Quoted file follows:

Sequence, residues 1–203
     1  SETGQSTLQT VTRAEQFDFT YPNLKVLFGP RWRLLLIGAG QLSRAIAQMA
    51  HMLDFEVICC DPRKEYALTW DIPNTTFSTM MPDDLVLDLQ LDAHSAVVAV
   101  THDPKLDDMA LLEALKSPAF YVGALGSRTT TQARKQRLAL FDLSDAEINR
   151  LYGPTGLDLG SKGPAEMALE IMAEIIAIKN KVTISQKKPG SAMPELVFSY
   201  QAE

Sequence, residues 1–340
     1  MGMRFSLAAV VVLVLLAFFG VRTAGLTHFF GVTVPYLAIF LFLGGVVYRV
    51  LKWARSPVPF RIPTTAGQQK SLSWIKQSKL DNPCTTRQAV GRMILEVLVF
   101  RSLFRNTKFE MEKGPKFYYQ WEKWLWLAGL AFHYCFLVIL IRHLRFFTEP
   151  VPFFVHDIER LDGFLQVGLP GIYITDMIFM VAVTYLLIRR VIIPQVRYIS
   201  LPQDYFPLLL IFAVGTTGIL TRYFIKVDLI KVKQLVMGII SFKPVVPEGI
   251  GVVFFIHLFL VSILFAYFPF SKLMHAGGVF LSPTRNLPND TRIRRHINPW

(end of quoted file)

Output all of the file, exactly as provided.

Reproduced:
Sequence, residues 1–203
     1  SETGQSTLQT VTRAEQFDFT YPNLKVLFGP RWRLLLIGAG QLSRAIAQMA
    51  HMLDFEVICC DPRKEYALTW DIPNTTFSTM MPDDLVLDLQ LDAHSAVVAV
   101  THDPKLDDMA LLEALKSPAF YVGALGSRTT TQARKQRLAL FDLSDAEINR
   151  LYGPTGLDLG SKGPAEMALE IMAEIIAIKN KVTISQKKPG SAMPELVFSY
   201  QAE

Sequence, residues 1–340
     1  MGMRFSLAAV VVLVLLAFFG VRTAGLTHFF GVTVPYLAIF LFLGGVVYRV
    51  LKWARSPVPF RIPTTAGQQK SLSWIKQSKL DNPCTTRQAV GRMILEVLVF
   101  RSLFRNTKFE MEKGPKFYYQ WEKWLWLAGL AFHYCFLVIL IRHLRFFTEP
   151  VPFFVHDIER LDGFLQVGLP GIYITDMIFM VAVTYLLIRR VIIPQVRYIS
   201  LPQDYFPLLL IFAVGTTGIL TRYFIKVDLI KVKQLVMGII SFKPVVPEGI
   251  GVVFFIHLFL VSILFAYFPF SKLMHAGGVF LSPTRNLPND TRIRRHINPW